Friday, August 24, 2012

Enjoying the Ride? Get Ready for the Next Med Mal Storm

 Jeff Herschler

The cyclical nature of the medical malpractice insurance industry is well documented. Check out this excerpt from the digital archive at CBS Life & Health Library, just nine years ago, when we were on the other end of the wave:

"Medical malpractice claims have held steady, yet insurance premiums have skyrocketed. This pattern can be attributed to the cyclical nature of the commercial insurance business. We are in the midst of a classic hard insurance cycle. The first such crisis, which was particularly acute in the product liability and medical liability sectors, occurred in the mid-'70s. The second crisis, dramatically detailed in the 1986 Time magazine cover story entitled Sorry, Your Policy Is Cancelled was more..."

According to Matt Gracey, President of Danna-Gracey, a medical malpractice brokerage firm with offices in Delray Beach and Orlando, the current soft market in medical malpractice is characterized by the following:
  • Low rates: Up to 60% lower than 2005;
  • More choices of insurers; much more competitive climate due to the favorable claims cycle;
  • Loose underwriting; claims are more often overlooked by insurers.  
  • Expanded coverage; lots of bells and whistles on standard policies!
Sounds good! Let the good time roll, right? Not so fast, says Gracey. With a hard market ahead, it makes sense to get ready for the inevitable. And the market might be turning sooner rather than later.  

There are already some ominous signs. For example:
  • Loss ratios are increasing as pricing decreases; many insurers are over or approaching a "combined loss ratio" of over 100%. 
  • Reserve takedowns dwindling; insurers have been using claims reserves to bolster their losses, thus allowing them to keep their pricing as low as possible.   
  • Market shrinking as doctors retire, sell out to hospitals, or go bare.
Meanwhile the 2003 Tort Reform law is being challenged in Florida's Supreme Court and there are serious concerns that the law will be struck down. But they are working on Tort Reform at the national level (see House proposal would reform medical liability), so why worry? Says Gracey, "For years the House has passes great versions of Tort Reform, which all fail to get the 60 votes needed in the Senate. This one will go the same way. This is just election year posturing to show doctors that Republicans are trying and it's the Democrats' fault."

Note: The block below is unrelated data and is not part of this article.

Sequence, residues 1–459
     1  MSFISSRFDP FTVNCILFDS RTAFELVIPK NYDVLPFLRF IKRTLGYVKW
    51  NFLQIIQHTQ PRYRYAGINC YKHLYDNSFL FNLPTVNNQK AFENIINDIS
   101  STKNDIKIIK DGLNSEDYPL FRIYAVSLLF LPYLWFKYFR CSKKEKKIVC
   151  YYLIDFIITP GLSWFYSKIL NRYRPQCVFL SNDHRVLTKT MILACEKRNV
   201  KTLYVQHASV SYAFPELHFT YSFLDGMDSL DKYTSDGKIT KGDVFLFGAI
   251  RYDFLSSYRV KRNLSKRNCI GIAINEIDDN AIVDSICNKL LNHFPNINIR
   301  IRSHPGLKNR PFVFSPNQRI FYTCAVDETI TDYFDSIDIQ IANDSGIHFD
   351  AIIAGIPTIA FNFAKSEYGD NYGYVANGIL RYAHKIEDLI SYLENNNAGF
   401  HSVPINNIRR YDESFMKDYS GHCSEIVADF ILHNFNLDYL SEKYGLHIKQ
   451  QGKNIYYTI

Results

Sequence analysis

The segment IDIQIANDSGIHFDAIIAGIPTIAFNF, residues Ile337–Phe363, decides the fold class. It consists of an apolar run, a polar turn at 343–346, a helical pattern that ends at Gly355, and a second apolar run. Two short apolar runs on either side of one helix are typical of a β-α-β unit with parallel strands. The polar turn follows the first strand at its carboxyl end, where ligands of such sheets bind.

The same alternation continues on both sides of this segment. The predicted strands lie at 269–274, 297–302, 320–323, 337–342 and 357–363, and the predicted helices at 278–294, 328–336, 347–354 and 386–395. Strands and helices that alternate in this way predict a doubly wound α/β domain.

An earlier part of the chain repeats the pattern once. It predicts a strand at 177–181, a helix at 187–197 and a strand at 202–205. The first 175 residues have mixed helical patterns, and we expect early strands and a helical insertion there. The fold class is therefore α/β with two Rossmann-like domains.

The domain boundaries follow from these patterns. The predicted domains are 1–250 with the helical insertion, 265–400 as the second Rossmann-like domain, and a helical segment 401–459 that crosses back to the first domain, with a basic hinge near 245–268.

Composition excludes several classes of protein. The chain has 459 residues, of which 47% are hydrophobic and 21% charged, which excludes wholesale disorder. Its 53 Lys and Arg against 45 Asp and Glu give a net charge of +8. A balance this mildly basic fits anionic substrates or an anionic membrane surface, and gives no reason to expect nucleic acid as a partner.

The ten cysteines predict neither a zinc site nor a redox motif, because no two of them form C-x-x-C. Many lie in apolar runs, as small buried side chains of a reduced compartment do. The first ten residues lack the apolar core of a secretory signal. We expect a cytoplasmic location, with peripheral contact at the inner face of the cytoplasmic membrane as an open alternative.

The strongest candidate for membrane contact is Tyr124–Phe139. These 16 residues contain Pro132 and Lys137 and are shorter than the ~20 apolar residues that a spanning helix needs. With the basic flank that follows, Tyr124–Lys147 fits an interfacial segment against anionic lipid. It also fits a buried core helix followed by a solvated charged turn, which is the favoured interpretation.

To get ready for the next medical malpractice storm, Gracey recommends the following:
  • Move to high ground! Insure with highly rated, financially solid companies that have a track record of being committed to Florida's doctors in more difficult market conditions. 
  • Plan now to avoid being uninsurable, or not able to afford coverage;
  • Examine coverage options; get an independent expert to review your coverage for gaps. 
  • Examine bare options and reexamine your asset protection plan. 
In closing, Gracey has one last piece of advice: "Enjoy the party while it lasts!"

Friday, August 10, 2012

Is SCOTUS Decision on ACA a Victory for Progressives?

Although Progressive's are lauding the decision as a huge victory for Obama and America, the SCOTUS endorsement of the ACA is actually, exceptionally weak. The Individual Mandate is now labeled a tax and will cost the President hugely in political capital. Meanwhile the Medicaid expansion will no longer be (effectively) mandatory. I predict many states will opt out. Another factor often overlooked is the exception to the Individual Mandate whereby many citizens can, without penalty, choose to be uninsured because health plans available do not meet the affordability requirement. Thus the number of insured will not increase in any significant way. And therefore, the other provisions of the ACA cannot be funded.

My prediction is that within a few months or years we will realize we have made no meaningful progress on Healthcare Reform. We will still have huge swaths of the population uninsured and seeking healthcare only when there is an acute episode and then going to a high cost provider (a hospital ED). We will have expanding government programs that can only pay for themselves with borrowed money. We will continue to have healthcare inflation (perhaps blunted by a weak economy and/or payment reforms, i.e. pay for performance, bundled payments, modernized capitation models etc.). Health insurance will still be a lousy value. We will continue to see American companies at a competitive disadvantage in the global marketplace due to the cost of employee health benefits.

For true Healthcare Reform, we need to activate the capitalists and the entrepreneurs. We also need bi-partisan support for any new federal laws. Government policy has been successful in creating the environment for innovation and change in other industries and there is no reason healthcare is any different. Hat's off to the Democrats for coming up with a plan. Unfortunately, I don't think this one (the ACA) is going to be the solution.

-Tara Pihn